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World: Grandsons Of Stalin, Churchill, And Roosevelt Meet To Discuss Yalta

Josef Stalin The grandsons of Josef Stalin, Winston Churchill, and Franklin Roosevelt met for the first time Saturday night, gathering at Maastricht in The Netherlands to discuss the 1945 Yalta conference that had been attended by their famous relatives. While some have blamed the Yalta conference for triggering the Cold War, the grandsons of the allied leaders defended the talks.

Prague, 2 October 2005 (RFE/RL) -- The gathering at Maastricht on Saturday was the first meeting between the grandsons of the three World War II allied leaders. Indeed, it was the first time members of the three families had been together since their grandfathers attended the 1945 Yalta conference.

At that time, with the German Army in retreat and Adolf Hitler's vision of a Nazi-controlled continent in tatters, Stalin, Roosevelt, and Churchill met at the Black Sea resort to decide how to occupy Germany and reorganize Europe into spheres of influence.

On Saturday, the grandsons countered the view that the U.S. and British leaders had underestimated Stalin's cunning and had abandoned Central and Eastern Europe to five decades of Soviet oppression -- starting the Cold War.

Winston S. Churchill III says that view is not consistent with the historic facts.

"People imagine that Churchill, Roosevelt, and Stalin arrived at Yalta with a blank sheet of paper to decide the fate of Europe. Nothing could be further from the truth. The fate of Europe have been decided several months before with the Red Army, probably a couple of hundred of Soviet divisions, sweeping westwards, rolling up the German Wehrmacht and taking over all the countries of Eastern and Central Europe. That was what decided the fate of Europe," Churchill said.

Even U.S President George W. Bush has condemned the Yalta conference -- saying in speeches that great nations had decided the destiny of smaller nations in a way that resulted in years of oppression.
"My grandfather had a very nice phrase about [Josef Stalin]. He said: 'He's like a crocodile. You never know whether he is trying to smile or prepare to swallow you up.'"

Curtis Roosevelt, the grandson of U.S. wartime president Franklin D. Roosevelt, says Bush's remarks on Yalta are inaccurate and have left him angry.

"Misrepresentation, really the sense that Yalta is a bad word and the contempt for Yalta that is held by many people including my own President George Bush in his own speeches -- because I think it is quite irresponsible of him to make a kind of statements about Yalta that he has," Roosevelt said.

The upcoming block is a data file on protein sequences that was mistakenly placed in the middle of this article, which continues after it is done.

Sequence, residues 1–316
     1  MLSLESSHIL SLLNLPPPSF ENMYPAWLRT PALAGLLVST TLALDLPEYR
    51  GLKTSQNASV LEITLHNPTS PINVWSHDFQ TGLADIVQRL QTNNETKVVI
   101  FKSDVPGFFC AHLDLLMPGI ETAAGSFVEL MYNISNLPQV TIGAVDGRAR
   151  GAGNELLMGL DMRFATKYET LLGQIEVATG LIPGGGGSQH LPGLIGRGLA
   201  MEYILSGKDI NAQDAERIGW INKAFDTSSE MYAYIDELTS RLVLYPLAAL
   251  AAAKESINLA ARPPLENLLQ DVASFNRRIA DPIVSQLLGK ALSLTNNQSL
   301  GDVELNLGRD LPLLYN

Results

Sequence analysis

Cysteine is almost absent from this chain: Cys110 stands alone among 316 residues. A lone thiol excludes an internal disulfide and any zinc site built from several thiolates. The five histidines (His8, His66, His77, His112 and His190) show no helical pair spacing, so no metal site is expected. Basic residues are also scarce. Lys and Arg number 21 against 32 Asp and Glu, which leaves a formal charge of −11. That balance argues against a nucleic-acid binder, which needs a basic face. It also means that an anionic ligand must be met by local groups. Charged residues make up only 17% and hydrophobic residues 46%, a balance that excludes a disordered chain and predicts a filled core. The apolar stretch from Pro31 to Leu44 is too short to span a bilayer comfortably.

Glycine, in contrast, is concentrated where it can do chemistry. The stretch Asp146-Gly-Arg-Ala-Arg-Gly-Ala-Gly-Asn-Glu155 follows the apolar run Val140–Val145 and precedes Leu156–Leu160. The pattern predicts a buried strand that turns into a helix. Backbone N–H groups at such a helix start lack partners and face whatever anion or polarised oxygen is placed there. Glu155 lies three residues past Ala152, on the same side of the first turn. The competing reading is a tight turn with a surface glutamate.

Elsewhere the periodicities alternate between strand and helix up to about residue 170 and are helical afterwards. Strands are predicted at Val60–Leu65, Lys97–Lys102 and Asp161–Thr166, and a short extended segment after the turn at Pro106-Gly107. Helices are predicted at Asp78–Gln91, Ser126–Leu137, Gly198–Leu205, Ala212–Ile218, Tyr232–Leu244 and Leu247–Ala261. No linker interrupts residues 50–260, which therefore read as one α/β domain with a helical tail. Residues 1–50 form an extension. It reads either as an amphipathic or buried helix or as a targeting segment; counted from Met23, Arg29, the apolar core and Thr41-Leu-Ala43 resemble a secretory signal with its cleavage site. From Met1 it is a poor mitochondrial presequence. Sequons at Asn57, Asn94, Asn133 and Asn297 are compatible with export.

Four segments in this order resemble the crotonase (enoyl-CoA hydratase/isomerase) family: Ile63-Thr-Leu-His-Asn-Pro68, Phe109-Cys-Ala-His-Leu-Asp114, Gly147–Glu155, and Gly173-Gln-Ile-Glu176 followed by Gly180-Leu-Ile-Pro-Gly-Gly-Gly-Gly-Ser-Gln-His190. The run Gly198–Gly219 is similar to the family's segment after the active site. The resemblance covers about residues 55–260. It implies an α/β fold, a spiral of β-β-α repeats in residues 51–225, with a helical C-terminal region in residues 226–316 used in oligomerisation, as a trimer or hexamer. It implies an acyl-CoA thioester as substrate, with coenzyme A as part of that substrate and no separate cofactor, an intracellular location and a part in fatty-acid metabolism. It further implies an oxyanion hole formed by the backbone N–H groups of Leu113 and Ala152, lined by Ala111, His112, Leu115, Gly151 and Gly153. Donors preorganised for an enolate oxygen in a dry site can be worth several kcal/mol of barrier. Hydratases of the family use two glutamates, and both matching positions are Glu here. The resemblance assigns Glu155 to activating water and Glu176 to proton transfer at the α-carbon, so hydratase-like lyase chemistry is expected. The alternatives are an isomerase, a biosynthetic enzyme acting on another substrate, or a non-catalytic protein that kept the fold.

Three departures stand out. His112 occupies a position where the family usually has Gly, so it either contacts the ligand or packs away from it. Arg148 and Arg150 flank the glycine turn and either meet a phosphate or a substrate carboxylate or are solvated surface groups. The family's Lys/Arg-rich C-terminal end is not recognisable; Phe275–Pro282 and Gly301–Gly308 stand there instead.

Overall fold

No other governments were allowed to send representatives to Yalta nor were they notified of decisions made at the meeting. Many historians view the interaction and personalities of Stalin, Roosevelt, and Churchill as decisive. They have criticized Roosevelt as too idealistic and Churchill as more interested in protecting Britain's colonial interests than the people of Eastern and Central Europe.

Earlier this year, Polish President Aleksander Kwasniewski described the Yalta conference as a "tragedy and a trauma."

For Eastern Europeans the end of World War II and Nazi occupation brought a new totalitarian ruler, the Soviet Union. Sixty years on this legacy still mars relations with Russia.

But the personalities of the three allied leaders of World War II loom large for their grandsons. Winston S. Churchill III still recalls a story told by his grandfather about Josef Stalin.

"My grandfather had a very nice phrase about [Josef Stalin]. He said: 'He's like a crocodile. You never know whether he is trying to smile or prepare to swallow you up,'" Churchill says.

Yevgeni Dzhugashvili, a military historian and former Soviet colonel, only learned that his grandfather was Stalin when he was 10 years old. He agreed that with a string of military victories, Stalin could feel comfortable and confident at Yalta.

"Churchill was very good in making up sayings and phrases, he is famous for it, but nevertheless, when Stalin got in the room, Churchill immediately stood up with his hands straightened up along his body, as if saluting an officer. I wonder why?" Dzhugashvili says.

Some historians say Stalin had refused to engage in a prisoner of war exchange -- an opportunity to trade a German military officer for his son, Dzhugashvili's father, who was captured by the Nazis during the war. Dzhugashvili continues to defend the Soviet war-time leader, saying such stories have not affected his views about Stalin.

(With agencies)